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Photo: www.gooienvechthistorisch.nl (SAGV328)
In the valuable De Waaier area, which derives its name from the fan-shaped street pattern, the central axis, the wide Pieter de Hooghlaan, is one of the most important visual axes of Hilversum. From the Diependaalselaan in the south to the Frans Halslaan, this avenue offers a magnificent view of the tower of the St. Vitus Church. The nature reserve on the south side of Hilversum will be pulled into the city across the central park of the Pieter de Hooghlaan. In 1925, the Pieter de Hooghlaan was extended between Gijsbrecht van Amstelstraat and Frans Halslaan. The medium-sized houses in that area date mainly from the 1920-1930 period. Along the Vermeerlaan is a complex of small middle-class houses from 1920, built by the architects J. van Laren and C. de Groot, on behalf of the housing association ‘t Goede Woonhuys. The complex, in the style of the Amsterdam School, exudes the atmosphere of the garden city concept. The former Gooische Huishoudschool serves as an anchor point in the neighbourhood. Also the Rembrandt School of W.M. Dudok from 1920 and the Fabritius School from 1926-1928 are iconic buildings in the Waaier area.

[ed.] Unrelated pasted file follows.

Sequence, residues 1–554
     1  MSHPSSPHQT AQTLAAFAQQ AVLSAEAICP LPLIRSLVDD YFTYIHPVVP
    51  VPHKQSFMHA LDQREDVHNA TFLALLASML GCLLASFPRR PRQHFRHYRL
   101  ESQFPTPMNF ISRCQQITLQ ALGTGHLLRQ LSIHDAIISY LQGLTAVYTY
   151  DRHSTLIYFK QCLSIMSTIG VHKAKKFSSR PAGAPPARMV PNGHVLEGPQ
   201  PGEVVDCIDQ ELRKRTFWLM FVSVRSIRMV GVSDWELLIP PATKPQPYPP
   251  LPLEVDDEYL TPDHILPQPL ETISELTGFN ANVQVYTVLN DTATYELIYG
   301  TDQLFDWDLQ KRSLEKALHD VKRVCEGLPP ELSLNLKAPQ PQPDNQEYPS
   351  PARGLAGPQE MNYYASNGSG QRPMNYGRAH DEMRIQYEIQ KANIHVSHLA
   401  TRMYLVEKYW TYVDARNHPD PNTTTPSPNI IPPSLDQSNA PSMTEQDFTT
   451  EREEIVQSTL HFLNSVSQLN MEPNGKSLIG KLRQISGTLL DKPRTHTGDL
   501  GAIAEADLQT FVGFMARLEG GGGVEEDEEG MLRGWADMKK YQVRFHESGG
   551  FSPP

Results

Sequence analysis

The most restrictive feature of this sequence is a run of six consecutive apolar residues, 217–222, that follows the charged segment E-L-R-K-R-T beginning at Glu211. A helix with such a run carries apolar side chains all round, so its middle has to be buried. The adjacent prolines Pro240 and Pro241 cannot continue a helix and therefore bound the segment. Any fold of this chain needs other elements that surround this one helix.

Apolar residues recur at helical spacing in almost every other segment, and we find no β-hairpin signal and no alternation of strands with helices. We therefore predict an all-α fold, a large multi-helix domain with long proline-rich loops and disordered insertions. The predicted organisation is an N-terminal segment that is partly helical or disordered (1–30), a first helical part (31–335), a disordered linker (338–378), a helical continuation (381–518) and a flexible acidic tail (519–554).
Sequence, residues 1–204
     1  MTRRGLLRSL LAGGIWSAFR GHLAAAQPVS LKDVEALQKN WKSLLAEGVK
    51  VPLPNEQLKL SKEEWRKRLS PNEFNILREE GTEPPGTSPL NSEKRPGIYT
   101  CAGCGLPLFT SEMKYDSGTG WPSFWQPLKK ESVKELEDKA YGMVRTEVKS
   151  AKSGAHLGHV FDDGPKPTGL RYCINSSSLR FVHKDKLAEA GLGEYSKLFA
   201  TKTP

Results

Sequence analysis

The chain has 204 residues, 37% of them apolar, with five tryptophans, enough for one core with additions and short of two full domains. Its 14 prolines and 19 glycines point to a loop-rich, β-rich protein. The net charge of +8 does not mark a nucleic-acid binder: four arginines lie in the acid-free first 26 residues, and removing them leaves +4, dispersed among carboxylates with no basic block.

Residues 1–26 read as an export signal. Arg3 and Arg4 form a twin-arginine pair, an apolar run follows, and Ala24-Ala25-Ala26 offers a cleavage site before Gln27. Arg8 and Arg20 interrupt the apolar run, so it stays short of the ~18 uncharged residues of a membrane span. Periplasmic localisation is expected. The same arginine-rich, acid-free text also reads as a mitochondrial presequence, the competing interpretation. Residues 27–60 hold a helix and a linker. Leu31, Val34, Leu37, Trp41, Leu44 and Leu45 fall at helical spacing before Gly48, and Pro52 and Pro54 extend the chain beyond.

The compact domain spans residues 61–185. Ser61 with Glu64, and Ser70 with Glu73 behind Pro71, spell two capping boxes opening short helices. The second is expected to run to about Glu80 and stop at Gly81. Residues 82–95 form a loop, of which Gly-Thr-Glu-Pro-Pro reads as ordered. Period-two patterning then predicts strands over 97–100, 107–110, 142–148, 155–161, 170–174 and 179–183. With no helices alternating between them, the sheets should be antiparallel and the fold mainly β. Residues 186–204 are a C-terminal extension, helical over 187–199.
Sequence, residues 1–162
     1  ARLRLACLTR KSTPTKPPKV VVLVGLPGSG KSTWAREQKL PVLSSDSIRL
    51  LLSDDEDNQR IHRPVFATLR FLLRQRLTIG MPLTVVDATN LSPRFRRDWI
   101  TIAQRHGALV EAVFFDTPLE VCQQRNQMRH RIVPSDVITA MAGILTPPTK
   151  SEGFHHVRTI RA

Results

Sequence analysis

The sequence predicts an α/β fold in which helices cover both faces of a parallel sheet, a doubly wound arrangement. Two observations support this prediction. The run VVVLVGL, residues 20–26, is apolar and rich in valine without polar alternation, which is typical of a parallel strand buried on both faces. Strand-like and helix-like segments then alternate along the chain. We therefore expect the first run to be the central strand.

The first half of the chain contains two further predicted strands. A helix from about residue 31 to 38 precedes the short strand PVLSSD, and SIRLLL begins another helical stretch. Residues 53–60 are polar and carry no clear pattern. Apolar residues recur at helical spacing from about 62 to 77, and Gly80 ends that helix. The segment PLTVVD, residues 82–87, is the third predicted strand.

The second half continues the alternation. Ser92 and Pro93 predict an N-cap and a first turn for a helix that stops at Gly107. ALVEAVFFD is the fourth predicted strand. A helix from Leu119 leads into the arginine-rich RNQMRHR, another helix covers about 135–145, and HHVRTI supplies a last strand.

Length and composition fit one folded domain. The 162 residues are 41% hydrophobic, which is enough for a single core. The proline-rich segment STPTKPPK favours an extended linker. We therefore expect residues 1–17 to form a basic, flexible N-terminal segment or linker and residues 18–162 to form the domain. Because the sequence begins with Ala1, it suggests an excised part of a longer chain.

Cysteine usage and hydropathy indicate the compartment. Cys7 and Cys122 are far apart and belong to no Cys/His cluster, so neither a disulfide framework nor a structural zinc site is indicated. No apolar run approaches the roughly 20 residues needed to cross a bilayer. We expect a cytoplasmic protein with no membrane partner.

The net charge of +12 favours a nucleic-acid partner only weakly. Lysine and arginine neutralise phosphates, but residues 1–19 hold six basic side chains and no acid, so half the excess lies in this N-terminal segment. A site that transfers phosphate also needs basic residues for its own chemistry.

Source: Annette Koenders, Hilversum. Architectuur en Stedenbouw 1850-1940, Zwolle (2001).
Pieter de Hooghlaan, Hilversum